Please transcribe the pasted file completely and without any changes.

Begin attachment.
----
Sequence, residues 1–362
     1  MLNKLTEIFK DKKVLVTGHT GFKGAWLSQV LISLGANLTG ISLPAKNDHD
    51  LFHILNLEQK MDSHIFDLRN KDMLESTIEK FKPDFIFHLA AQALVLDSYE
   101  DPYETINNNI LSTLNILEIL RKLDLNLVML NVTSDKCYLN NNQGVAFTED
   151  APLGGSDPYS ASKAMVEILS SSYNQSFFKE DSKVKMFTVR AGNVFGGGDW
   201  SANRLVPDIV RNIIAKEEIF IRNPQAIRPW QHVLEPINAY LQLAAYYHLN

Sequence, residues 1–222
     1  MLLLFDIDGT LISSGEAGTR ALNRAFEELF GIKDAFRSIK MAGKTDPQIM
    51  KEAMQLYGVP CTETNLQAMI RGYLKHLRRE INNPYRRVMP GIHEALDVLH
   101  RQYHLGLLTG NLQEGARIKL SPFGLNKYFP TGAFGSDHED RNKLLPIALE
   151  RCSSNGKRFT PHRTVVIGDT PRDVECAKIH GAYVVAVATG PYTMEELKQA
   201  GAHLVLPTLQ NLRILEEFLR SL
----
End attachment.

Sequence, residues 1–362
     1  MLNKLTEIFK DKKVLVTGHT GFKGAWLSQV LISLGANLTG ISLPAKNDHD
    51  LFHILNLEQK MDSHIFDLRN KDMLESTIEK FKPDFIFHLA AQALVLDSYE
   101  DPYETINNNI LSTLNILEIL RKLDLNLVML NVTSDKCYLN NNQGVAFTED
   151  APLGGSDPYS ASKAMVEILS SSYNQSFFKE DSKVKMFTVR AGNVFGGGDW
   201  SANRLVPDIV RNIIAKEEIF IRNPQAIRPW QHVLEPINAY LQLAAYYHLN

Sequence, residues 1–222
     1  MLLLFDIDGT LISSGEAGTR ALNRAFEELF GIKDAFRSIK MAGKTDPQIM
    51  KEAMQLYGVP CTETNLQAMI RGYLKHLRRE INNPYRRVMP GIHEALDVLH
   101  RQYHLGLLTG NLQEGARIKL SPFGLNKYFP TGAFGSDHED RNKLLPIALE
   151  RCSSNGKRFT PHRTVVIGDT PRDVECAKIH GAYVVAVATG PYTMEELKQA
   201  GAHLVLPTLQ NLRILEEFLR SL